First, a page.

CHARLESTON, SC (WMBF) – The surviving members of a Canadian couple and their infant son who were killed in a fiery crash on Interstate 95 near Florence in 2015 were awarded a $17 million verdict in a trial against the driver of the 18-wheeler that crashed into the couple's car, and the trucking companies that employed the driver.
Jeremiah Cross, 34, a private in the Canadian Army, his 32-year-old wife Crystal Cross, and their 7-month-old son Grayson Cross, all from Ontario, were killed in the crash when their 2008 Honda SUV, which was in slowed traffic due to road construction, was stuck by an 18-wheeler traveling 70 miles per hour. The tractor-trailer impacted several other vehicles before coming to stop, also killing Jacqueline McCann, 51, and Barry Himes, 52, both from Johnstown, PA.
The plaintiffs allege that the driver ignored signs warning about the upcoming construction and speed limit reduction, keeping the truck in cruise control at 70 miles per hour. There were no visible skid marks or signs that the driver attempted to slow the 18-wheeler before the crash. The plaintiffs alleged that the driver of the 18-wheeler was impaired by alcohol at the time of the crash. A spokesperson for the trucking company deputes this, stating alcohol was not a factor in the accident.
"The damage done was unimaginable. In nearly 30 years of practicing injury law, this was easily one of the worst crashes I've seen. Just horrific," said Atty. Mark C. Joye, Head of the Litigation Department at Joye Law Firm and lead attorney for the plaintiffs. "The sight of the burnt, twisted metal and smoldering ashes was more fitting for a war zone, than an interstate highway."
The driver and the companies that operated the truck, XPO Logistics, Inc. and XPO Express, Inc., were all named as defendants in the trial, according to a news release from the Joye Law Firm, who represented surviving members of the Cross family. XPO is one of the largest ten trucking companies in the world.
"We're devastated for these families, and very sorry that this tragic accident occurred," a company spokesperson stated.
Attorneys for the victims alleged that the companies failed to properly train the driver and failed to ensure he met the Federal Motor Carrier Safety Regulations and state laws, the news release states.
Evidence presented at the eight-day trial in Charleston also showed that the driver and his co-worker attempted to hide evidence to alcohol used, and the at-fault driver refused to undergo alcohol testing, the release states.
"We will always feel alcohol played a role in this wreck," added Joye. "Nothing else makes sense to me as any driver paying attention to the road could not possibly ignore so many warning signs and proceed to plow into several vehicles at such a high rate of speed. The Defendant's actions immediately after the crash only further raised suspicion about what he was trying to hide."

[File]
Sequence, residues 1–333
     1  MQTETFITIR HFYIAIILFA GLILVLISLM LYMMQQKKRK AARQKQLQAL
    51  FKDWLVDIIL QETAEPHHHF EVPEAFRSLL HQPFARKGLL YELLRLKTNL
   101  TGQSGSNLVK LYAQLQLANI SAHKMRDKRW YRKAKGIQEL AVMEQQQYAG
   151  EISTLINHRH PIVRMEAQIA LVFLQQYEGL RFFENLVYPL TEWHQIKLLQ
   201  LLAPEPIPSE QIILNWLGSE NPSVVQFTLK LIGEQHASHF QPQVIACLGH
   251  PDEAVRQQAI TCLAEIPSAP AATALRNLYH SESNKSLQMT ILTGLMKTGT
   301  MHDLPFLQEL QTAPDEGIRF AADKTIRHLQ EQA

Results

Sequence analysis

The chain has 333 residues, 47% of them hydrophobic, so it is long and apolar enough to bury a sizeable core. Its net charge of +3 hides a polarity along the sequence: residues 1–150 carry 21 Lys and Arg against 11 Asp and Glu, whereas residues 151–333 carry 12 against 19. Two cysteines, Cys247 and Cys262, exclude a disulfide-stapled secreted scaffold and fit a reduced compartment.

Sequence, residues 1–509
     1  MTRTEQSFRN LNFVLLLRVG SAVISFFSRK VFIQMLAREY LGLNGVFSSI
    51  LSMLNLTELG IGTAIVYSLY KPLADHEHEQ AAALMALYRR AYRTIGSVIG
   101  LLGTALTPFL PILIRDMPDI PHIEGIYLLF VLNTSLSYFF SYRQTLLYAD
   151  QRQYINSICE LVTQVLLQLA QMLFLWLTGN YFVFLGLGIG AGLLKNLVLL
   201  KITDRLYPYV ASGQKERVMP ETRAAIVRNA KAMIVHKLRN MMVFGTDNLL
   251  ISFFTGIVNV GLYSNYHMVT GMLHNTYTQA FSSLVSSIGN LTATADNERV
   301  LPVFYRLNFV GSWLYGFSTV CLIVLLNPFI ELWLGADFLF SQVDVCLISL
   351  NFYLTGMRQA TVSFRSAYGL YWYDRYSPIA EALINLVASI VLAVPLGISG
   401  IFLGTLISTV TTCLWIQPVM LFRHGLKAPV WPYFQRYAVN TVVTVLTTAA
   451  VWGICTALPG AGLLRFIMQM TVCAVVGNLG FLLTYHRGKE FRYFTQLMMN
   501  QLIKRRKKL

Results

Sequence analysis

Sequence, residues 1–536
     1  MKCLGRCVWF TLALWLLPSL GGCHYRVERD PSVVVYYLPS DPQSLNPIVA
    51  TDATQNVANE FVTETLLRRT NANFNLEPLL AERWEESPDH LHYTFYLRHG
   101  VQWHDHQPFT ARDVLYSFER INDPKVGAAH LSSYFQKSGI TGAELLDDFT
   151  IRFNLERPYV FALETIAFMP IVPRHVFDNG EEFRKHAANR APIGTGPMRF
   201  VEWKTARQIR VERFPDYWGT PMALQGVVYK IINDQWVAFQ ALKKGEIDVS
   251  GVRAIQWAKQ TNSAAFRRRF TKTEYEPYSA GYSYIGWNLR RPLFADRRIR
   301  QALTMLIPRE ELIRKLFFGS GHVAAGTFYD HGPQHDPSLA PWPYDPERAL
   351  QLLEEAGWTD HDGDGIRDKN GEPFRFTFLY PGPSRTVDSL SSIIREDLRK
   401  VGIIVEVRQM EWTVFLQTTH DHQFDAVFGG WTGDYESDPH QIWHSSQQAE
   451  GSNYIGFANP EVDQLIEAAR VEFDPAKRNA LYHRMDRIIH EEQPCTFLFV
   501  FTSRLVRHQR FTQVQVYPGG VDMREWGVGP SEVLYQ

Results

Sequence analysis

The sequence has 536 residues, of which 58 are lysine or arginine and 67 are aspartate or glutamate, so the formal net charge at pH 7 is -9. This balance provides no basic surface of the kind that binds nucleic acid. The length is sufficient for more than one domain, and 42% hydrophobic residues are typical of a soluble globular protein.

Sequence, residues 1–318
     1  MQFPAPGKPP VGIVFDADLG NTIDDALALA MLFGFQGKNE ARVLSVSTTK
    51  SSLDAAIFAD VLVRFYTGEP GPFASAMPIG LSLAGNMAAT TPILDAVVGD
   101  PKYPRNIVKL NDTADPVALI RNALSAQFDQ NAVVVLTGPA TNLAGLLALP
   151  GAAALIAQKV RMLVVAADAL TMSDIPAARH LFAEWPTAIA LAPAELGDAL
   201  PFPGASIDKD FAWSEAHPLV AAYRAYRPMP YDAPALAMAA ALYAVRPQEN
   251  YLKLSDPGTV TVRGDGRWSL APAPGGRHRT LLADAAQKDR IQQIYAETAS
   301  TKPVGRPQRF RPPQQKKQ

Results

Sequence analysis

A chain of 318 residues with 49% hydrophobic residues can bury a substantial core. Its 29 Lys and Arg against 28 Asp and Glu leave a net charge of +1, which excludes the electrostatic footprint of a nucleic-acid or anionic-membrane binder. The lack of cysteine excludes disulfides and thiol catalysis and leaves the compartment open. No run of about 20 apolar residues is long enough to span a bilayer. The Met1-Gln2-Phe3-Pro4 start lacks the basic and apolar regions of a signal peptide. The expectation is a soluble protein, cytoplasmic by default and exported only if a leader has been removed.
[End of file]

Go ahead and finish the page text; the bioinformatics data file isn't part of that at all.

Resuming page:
An XPO spokesperson said that alcohol was not a factor in the accident; the police cited the driver for traveling too fast for conditions and released him at the scene.
The jury sided with the plaintiffs and directed the defendants to pay $17 million in actual damages, according to Joye Law Firm representatives. The highest settlement offered to the defendants before the verdict was $13 million.
"Our right to a civil trial by jury is guaranteed by the 7th Amendment. While the system isn't perfect, it is the only protection the public has from corporate greed and indifference to those they harm," said Atty. Mark J. Bringardner, an associate at Joye Law Firm and co-counsel to Atty. Mark C. Joye, in response to the verdict. "Today, that right was executed and upheld to the fullest extent. Our clients stood up to one of the largest trucking and insurance companies in the world and won."
The Cross family was on their way back home to Trenton, Ontario from a "dream vacation" at Disney World in Florida when the crash occurred on I-95 North at about 7:30 p.m. on March 21, 2015, the release states. Jeremiah Cross was recently stationed at the CFB Petawawa with the 2-Service Battalion, and was on paternity leave at the time of the crash to help raise his infant son.
"This crash and these deaths were preventable. It is tragic any time someone dies in an unnecessary and avoidable way, but it is especially troubling to have an entire family taken away because of someone else's careless and callous actions," explained Joye. "There is a hole in this family now, one that can never be repaired. Greysen will never have the chance to grow up, his parents will never have the opportunity to raise their son, and the sense of loss their surviving family members feel resulted in the most emotional day in a courtroom I've ever seen. No jury award can change that."